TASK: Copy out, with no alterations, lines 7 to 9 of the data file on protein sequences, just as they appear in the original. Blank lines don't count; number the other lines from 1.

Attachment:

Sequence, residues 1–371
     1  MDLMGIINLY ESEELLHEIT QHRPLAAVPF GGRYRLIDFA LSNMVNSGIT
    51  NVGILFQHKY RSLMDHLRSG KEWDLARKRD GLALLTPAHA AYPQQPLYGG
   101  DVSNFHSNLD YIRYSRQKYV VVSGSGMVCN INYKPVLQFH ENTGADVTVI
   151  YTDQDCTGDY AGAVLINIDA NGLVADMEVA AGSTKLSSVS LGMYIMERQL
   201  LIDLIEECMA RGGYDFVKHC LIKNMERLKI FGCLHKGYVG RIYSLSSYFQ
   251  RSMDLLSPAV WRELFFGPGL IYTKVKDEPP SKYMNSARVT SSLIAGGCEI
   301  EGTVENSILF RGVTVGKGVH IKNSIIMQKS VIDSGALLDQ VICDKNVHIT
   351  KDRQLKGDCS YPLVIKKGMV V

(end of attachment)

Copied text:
   251  RSMDLLSPAV WRELFFGPGL IYTKVKDEPP SKYMNSARVT SSLIAGGCEI
   301  EGTVENSILF RGVTVGKGVH IKNSIIMQKS VIDSGALLDQ VICDKNVHIT
   351  KDRQLKGDCS YPLVIKKGMV V